A sharp increase in lumber prices is wreaking havoc with builder profits and may eventually price some potential homebuyers out of the market, according to the National Association of Home Builders.

The trade group called a press conference Tuesday to spotlight rapid price increases this year, which it attributed to a trade agreement with Canada that sets complicated quotas and tariffs on Canadian lumber.

In just the last two weeks, lumber prices have climbed 10%, said Jay Shackford, staff vice president of the trade group in a separate interview. As of Friday, lumber was priced at $480 per thousand board feet.

Since April, prices have gone up one-third, and they've gone up 48% from a year ago, Mr. Shackford said. That has raised the cost of framing a typical 2,000-square-foot, single-family home by $3,000 in 12 months.

"The builder is the one that is really caught here," said David Seiders, chief economist at the home builders group.

For a variety of reasons - including competitive pressures and the traditional contract between home builder and buyer - it is difficult to pass through the price increases to the homebuyer, Mr. Seiders said.

"If a builder has contracted to sell a house at a particular price, which is the usual arrangement, and has not yet acquired the lumber, (the price hikes) cut into his profit margin rather significantly," he said.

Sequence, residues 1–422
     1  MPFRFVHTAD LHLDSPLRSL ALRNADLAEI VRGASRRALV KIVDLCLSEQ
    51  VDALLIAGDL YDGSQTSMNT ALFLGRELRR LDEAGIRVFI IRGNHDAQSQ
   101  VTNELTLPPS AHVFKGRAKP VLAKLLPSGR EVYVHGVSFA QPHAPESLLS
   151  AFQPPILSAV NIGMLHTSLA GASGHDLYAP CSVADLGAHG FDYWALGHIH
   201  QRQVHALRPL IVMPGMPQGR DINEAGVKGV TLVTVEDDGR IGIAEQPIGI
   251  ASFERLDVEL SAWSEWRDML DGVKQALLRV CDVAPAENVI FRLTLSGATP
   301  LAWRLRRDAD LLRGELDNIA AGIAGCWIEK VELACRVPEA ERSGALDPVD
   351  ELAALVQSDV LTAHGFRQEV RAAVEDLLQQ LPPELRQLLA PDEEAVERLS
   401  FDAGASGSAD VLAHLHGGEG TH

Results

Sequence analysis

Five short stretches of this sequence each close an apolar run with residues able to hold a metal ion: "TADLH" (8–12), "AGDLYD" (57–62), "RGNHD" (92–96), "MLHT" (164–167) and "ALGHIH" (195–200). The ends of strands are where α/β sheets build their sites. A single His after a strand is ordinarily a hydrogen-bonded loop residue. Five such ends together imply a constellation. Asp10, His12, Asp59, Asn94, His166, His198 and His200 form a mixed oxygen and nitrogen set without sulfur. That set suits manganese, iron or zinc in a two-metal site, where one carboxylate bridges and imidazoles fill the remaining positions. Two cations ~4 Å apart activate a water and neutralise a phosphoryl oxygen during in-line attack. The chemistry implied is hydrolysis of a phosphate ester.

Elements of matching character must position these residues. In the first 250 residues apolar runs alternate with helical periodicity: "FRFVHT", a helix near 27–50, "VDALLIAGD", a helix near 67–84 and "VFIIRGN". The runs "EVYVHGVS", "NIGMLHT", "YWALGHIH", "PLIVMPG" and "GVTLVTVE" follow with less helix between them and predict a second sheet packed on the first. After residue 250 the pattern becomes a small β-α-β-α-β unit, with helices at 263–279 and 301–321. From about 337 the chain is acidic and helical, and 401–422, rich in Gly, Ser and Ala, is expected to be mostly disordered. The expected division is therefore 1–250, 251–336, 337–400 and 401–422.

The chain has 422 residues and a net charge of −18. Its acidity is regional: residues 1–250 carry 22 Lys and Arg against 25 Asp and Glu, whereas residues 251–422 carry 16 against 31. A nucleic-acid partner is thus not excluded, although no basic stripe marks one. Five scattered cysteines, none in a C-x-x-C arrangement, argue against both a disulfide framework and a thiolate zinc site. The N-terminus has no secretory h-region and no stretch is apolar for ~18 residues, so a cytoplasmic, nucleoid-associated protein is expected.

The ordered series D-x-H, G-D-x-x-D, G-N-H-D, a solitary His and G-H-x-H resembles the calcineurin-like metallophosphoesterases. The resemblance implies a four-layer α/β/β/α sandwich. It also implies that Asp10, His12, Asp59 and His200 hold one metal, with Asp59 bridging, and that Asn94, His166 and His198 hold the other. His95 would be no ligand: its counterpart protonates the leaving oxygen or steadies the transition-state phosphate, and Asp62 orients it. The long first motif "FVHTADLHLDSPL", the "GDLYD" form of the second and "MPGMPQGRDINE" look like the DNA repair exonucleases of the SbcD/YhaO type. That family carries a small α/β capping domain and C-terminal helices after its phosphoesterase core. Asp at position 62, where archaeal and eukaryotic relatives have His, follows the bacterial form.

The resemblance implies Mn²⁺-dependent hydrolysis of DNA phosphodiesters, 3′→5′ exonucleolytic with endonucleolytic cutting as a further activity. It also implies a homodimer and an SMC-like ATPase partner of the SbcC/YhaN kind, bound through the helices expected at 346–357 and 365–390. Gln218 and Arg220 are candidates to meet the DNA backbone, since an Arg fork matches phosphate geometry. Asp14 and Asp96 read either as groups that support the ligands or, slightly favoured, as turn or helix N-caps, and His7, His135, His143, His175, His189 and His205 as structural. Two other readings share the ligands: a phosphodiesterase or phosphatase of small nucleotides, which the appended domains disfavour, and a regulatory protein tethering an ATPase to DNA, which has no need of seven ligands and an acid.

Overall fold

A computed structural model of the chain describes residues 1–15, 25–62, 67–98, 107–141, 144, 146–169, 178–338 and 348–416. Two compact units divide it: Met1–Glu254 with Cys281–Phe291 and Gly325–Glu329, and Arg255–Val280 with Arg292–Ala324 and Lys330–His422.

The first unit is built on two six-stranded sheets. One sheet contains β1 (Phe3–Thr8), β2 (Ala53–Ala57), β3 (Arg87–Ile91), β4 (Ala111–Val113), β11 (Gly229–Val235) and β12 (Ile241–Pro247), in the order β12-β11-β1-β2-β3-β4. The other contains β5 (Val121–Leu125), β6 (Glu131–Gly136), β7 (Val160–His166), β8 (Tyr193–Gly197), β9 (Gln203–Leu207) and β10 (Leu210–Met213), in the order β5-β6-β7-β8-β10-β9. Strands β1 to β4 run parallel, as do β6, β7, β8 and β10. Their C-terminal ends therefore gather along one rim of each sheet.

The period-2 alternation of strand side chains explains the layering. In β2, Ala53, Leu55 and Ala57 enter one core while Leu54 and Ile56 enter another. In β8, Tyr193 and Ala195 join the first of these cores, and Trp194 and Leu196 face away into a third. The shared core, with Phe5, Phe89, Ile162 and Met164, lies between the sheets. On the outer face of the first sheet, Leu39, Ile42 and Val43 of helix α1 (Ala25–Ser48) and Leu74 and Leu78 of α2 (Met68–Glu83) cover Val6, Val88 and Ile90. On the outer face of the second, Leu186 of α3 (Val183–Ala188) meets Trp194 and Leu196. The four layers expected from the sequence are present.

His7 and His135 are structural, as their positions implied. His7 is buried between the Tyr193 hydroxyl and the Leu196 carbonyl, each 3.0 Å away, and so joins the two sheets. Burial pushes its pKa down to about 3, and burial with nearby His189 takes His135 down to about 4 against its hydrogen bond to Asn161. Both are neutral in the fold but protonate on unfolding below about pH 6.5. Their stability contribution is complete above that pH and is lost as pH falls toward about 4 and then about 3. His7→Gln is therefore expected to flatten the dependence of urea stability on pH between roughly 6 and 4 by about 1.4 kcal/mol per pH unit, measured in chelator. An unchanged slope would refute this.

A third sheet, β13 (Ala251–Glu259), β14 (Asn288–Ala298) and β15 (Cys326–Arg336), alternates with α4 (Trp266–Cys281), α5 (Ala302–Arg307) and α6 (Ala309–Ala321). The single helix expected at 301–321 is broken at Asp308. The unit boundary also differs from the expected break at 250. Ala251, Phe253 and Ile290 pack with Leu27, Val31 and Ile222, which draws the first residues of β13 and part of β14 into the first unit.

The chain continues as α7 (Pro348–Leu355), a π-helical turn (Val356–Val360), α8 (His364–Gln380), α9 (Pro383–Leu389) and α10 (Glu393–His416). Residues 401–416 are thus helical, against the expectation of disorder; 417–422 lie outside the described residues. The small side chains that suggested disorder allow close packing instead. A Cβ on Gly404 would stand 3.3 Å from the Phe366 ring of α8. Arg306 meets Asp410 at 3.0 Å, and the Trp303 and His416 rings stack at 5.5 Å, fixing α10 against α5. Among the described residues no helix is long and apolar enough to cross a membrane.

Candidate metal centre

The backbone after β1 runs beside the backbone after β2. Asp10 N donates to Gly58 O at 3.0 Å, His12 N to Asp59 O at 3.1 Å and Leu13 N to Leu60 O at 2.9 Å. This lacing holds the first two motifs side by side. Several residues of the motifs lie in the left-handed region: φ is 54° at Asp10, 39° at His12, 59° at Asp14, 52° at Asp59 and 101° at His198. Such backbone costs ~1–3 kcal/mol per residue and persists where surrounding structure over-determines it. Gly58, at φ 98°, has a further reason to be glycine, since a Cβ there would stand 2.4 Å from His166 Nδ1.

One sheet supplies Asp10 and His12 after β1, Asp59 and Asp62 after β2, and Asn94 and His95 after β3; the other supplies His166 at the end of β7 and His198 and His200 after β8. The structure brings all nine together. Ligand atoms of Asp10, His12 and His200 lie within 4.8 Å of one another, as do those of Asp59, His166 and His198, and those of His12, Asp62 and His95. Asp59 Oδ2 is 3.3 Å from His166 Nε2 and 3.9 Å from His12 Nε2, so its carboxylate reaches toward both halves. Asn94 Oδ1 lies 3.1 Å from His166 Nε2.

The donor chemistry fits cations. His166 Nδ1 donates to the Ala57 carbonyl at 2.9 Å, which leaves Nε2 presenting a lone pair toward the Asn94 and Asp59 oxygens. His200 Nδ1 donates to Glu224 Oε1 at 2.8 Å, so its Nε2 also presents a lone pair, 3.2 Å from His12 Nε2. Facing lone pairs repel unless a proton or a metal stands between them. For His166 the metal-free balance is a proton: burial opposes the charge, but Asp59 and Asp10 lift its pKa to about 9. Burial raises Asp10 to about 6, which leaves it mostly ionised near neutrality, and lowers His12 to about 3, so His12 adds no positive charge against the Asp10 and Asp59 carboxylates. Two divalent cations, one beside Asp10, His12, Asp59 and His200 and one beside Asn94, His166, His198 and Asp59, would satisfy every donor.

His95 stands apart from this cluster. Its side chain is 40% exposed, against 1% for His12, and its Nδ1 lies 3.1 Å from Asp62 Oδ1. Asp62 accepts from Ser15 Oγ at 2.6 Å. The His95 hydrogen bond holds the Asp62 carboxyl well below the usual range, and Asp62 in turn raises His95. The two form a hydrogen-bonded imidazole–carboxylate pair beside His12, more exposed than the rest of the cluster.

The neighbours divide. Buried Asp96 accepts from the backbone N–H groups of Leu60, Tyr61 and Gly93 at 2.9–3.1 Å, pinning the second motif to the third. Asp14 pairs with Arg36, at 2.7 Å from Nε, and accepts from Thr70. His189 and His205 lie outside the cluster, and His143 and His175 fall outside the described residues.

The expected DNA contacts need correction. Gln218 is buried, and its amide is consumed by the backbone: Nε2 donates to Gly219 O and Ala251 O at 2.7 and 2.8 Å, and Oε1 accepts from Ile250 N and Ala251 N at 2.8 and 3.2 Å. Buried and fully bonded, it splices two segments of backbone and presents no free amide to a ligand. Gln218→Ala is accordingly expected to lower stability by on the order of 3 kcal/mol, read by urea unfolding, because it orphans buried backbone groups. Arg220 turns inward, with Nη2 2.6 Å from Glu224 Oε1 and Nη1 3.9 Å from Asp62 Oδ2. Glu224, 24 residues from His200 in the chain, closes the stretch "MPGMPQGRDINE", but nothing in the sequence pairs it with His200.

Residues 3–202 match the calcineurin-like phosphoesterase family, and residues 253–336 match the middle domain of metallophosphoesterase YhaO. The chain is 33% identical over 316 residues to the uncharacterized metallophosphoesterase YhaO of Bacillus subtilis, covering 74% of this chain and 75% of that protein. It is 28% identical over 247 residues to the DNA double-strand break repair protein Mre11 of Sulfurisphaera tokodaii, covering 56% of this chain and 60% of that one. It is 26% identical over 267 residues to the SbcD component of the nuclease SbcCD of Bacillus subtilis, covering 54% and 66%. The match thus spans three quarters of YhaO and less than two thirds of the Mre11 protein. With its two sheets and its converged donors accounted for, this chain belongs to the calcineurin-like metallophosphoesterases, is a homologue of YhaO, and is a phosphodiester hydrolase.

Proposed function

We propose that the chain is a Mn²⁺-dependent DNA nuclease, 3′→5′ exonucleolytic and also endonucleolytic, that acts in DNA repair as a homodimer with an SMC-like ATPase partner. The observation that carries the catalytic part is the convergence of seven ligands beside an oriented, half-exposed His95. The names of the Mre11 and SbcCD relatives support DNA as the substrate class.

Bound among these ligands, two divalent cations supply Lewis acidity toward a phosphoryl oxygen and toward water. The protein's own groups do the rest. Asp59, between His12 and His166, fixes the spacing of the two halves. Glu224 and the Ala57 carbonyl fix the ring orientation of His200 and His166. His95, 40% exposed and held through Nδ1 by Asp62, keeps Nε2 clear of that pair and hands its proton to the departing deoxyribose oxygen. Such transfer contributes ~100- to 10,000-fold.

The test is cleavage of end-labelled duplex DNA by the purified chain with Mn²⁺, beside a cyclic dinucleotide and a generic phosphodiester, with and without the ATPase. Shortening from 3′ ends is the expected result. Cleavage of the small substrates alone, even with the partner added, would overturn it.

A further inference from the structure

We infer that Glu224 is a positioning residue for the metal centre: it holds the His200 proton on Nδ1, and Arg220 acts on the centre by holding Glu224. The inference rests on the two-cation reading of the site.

Home builders got some practice in dealing with volatile lumber prices in 1993 and 1994, when prices soared above $500 for 1,000 board feet.

Some builders now write contracts that require homebuyers to absorb such cost increases. Also, the large, publicly traded builders may negotiate with suppliers for lumber prices that stay constant over several months.

Still, the home building industry is made of thousands of small contractors, and Mr. Seiders said they are mostly unprotected from the sharp price increases.

Beyond the immediate price increases, home builders are worried there won't be enough lumber for the spring building season. Canadian factories may choose to evade tariffs under terms of the trade deal by waiting to ship until after April 1.

The trade group wants congressional hearings on the five-year U.S.- Canada lumber deal, and it has appealed to the administration to reopen the deal, which took effect in April.

Of course, if prices remain high, homebuyers would ultimately pay.

A $2,500 increase in the price of a new home could put homeownership out of reach for 30,000 to 50,000 consumers next year, said David Lereah, chief economist at the Mortgage Bankers Association.

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